Healthcare leaders must manage disputes quickly and decisively to maintain teamwork and morale. Due to individuals’ unique views, workplace conflicts occur commonly. When conflicts occur, healthcare managers help employees come to a mutual understanding, but sometimes a leader’s involvement in a conflict requires that an outside party intervene to move towards a resolution.
Conflict Takes Several Forms
Healthcare leaders spend 25 to 40 percent of their time managing conflict. As a result, conflict resolution is an essential leadership skill. Effective leaders manage these disputes quickly and productively. Conflicts occur for several reasons, such as workplace bullying, generation gaps and varying occupational perspectives.
Guiding parties in dispute to find consensus requires learned skills. Therefore, healthcare leaders prepare for these incidents with ongoing education. The following five tips help mangers resolve disputes.
One: Identify Participant Perspectives
Understanding the viewpoints of those on either side of a conflict is essential when working to resolve a disagreement.  Healthcare leaders must hear grievances with empathy, courage and humility and honestly consider their internal feelings about the conflict.
During disputes, anger is a natural defense mechanism. Before entering into mediation, all parties must acknowledge this and accept responsibility for their roles in the dispute.
Two: Suggest Alternatives
When resolving conflict, it is important to invite all stakeholders to seek a solution to the problem. Once all parties agree to meet, the participants must work together to identify the real issue. This is where the organization leader guides conflicting parties in eliminating unfounded conclusions and pointing out the facts. These observations must focus on circumstances rather than accountability so that the participants can discover solutions.
Three: Rebuild the Team
Handling conflicts in person is uncomfortable, but it is the most effective alternative.  Real-time information exchanges speed the resolution process and gives all involved parties the benefit of physical cues that helps everyone communicate with and understand each other. This meeting should take place where all parties will feel comfortable and when other responsibilities do not interfere with the process. If an in person meeting is not feasible, a phone call or teleconference is the next best alternative.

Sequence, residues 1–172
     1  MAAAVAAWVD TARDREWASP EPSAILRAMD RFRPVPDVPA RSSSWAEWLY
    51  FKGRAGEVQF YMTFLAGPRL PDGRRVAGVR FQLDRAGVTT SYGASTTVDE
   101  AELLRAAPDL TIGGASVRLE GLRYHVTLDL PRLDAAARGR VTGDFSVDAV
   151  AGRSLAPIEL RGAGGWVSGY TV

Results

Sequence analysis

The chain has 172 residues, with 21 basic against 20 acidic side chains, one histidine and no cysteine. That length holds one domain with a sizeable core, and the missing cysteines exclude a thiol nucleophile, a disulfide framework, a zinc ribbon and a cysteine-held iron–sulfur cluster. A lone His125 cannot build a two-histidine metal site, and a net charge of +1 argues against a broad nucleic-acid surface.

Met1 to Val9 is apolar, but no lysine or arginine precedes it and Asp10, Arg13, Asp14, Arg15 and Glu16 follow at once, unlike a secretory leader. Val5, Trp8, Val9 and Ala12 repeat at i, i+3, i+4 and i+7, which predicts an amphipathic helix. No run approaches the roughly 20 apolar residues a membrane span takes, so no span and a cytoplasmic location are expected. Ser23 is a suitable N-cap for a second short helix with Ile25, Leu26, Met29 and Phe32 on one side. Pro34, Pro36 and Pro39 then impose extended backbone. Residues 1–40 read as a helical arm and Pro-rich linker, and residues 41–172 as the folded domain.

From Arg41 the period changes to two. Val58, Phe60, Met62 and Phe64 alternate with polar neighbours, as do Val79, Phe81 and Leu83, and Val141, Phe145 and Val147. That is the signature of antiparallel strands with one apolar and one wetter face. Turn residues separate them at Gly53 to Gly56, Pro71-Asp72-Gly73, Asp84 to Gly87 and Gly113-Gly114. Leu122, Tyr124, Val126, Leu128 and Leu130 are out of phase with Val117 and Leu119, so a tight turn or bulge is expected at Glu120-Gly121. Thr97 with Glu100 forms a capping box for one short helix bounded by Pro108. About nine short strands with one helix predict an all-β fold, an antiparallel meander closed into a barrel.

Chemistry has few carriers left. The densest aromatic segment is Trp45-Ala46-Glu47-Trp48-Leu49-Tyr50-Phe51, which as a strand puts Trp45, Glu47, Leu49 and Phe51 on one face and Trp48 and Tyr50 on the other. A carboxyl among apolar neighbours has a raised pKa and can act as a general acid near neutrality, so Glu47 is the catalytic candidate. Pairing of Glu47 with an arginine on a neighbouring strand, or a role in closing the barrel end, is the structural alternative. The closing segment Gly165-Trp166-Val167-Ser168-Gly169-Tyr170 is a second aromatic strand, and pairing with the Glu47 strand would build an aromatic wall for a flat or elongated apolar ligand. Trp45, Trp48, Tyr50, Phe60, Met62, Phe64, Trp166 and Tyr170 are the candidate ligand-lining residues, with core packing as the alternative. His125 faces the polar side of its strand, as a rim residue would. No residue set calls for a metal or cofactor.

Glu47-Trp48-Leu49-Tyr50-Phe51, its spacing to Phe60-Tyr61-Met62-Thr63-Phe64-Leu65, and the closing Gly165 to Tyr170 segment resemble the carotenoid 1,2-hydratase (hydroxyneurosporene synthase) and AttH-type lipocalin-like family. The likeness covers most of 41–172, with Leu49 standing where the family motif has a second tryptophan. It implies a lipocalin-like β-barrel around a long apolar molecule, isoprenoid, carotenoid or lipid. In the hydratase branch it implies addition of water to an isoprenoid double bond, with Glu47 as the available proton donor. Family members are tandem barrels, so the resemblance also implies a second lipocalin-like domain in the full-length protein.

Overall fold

Four: Create a Buffer
Sometimes an organizational leader is so embroiled in a dispute that they cannot effectively deescalate the situation. This is when an empathetic, but neutral, third party may have to mediate the conflict. All parties must feel comfortable with the process and the individual managing this responsibility. The mediator’s job is to hear all points of view, and bring the dispute to a fair, voluntary resolution that offers a long-term solution and not a short-term fix.
Five: Foster Communication
Resolving conflicts requires clear communication. Once all parties truly understand each other’s perspectives, they are halfway to resolving the dispute. Individuals who work to fuel dissent cannot productively participate in this process. Organizational leaders must remind the participants to limit their input to facts. Sometimes, managers must put conflict resolution on hold when participants refuse to set their emotions aside. It is also important to consider the motives behind individual statements when assessing the facts.
Differing perspectives inevitably lead to disagreements. Leaders must evaluate the distinct circumstances that lead to conflicts. If left unchecked, a small disagreement can turn into a disruptive encounter. Healthcare leaders are responsible for managing the important task of keeping the talent pool focused on their primary mission – healing patients. To mediate conflicts, leaders maintain a calm demeanor and make sure not to assign judgment while steering the disputing parties towards agreement.
Healthcare leaders manage the inevitable disputes that occur in the workplace due to individual, differing viewpoints. Managers guide employees toward a resolution during these occasions and uphold the cohesiveness required to keep an institution running. Healthcare leaders must effectively resolve these matters, even if it means stepping aside and allowing a neutral party to intervene to recover peace caregiving setting.
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1. Sherman RO. Carefronting: An innovative approach to managing conflict. American Nurse Today. October 2012;7(10).